Quote Originally Posted by Basil II the B.S View Post
    Depends on the segment:



    The point being, the most likely to mischaracterize among Republicans are the low educated ones. That is the reverse of what happens among Democrats. You'd expect education to decrease prejudice, while it actually increases. Meaning it should be disbanded because it's promoting fraudolent views.
    Take a look at the graph again. Republicans mischaracterize more until the 4-year college mark; that's hardly low educated. The only category where democrats mischaracterize more is after graduation, and here they don't account the obvious feedback-loop effect of having republicans mischaracterizing you for the entirety of college. So, no.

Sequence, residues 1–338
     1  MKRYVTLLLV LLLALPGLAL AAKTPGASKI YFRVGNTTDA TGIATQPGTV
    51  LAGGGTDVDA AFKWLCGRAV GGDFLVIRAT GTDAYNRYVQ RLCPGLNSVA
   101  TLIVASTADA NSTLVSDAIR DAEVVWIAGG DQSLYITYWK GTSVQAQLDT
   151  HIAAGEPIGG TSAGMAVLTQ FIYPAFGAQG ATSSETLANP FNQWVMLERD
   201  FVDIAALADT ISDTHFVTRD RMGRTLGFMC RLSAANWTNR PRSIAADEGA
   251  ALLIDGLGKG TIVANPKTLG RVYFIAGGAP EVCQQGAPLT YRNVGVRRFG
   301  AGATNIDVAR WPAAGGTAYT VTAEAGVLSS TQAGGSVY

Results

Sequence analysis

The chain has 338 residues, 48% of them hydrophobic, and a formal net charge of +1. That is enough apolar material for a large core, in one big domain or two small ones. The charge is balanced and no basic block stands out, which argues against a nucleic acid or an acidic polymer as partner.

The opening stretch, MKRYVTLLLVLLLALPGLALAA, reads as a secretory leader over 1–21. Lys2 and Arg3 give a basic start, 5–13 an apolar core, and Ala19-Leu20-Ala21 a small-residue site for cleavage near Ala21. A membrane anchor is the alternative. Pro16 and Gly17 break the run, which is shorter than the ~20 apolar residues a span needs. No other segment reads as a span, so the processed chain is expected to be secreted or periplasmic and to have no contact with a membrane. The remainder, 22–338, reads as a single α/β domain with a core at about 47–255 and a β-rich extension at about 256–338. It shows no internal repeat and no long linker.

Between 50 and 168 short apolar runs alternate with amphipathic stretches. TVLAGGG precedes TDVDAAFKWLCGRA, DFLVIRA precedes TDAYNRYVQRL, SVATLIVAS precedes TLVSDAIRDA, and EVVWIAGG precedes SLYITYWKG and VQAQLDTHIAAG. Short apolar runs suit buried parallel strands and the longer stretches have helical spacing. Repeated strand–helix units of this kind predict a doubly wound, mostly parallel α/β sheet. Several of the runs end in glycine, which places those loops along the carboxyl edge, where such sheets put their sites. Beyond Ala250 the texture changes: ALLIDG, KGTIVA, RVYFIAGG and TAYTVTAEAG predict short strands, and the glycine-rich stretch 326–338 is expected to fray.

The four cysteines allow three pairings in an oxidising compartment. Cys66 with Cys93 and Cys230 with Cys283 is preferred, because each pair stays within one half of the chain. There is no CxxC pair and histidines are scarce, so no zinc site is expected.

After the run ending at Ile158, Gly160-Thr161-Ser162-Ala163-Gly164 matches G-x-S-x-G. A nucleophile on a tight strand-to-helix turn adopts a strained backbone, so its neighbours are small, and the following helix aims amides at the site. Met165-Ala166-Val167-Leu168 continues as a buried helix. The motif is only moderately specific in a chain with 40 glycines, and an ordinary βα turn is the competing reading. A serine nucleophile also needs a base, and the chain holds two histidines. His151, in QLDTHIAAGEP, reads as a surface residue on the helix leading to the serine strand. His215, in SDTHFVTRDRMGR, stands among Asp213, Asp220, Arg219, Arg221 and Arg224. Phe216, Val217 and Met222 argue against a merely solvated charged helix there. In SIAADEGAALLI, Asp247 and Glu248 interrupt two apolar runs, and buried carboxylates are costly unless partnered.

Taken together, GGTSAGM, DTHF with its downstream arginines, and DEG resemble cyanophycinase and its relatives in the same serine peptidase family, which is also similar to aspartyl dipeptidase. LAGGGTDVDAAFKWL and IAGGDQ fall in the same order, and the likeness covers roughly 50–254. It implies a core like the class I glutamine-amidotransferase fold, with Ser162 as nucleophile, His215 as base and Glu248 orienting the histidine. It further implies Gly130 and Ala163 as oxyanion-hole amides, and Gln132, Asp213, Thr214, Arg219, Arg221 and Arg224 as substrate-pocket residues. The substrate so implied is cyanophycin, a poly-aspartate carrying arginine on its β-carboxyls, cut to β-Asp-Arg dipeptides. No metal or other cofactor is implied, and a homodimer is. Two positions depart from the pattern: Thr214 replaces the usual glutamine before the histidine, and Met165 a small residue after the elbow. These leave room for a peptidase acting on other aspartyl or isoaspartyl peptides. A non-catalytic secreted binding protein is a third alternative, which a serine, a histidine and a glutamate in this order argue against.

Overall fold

So, on top of getting rid of immigrants, making liberals liable for prosecutions for immigrant crime, you also want to disband the educational system?

    Das not gut.
    Under the valued patronage of Abdülmecid I

  11. #11

    Default Re: Guess who's out of touch with reality?

    The most likely to mischaracterize among Republicans are in order:
    -no HS
    -some college
    -post grad

    Some college->didn't finish it. I'd say the distribution can be decently represented by an average.

    For Dems there's a clear trend:
    The more you get educated, the less likely you are to understand Republicans.
    Only ''some college'' is more or less the same of HS graduate. The rest increase with education.

    And my girlfriend is an immigrant technically, so I clearly don't want to get rid of her. If education however equates to ideological brainwashing, then it's worthless.

  12. #12
    CommodusIV's Avatar Teutonic Coronavirus
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    Default Re: Guess who's out of touch with reality?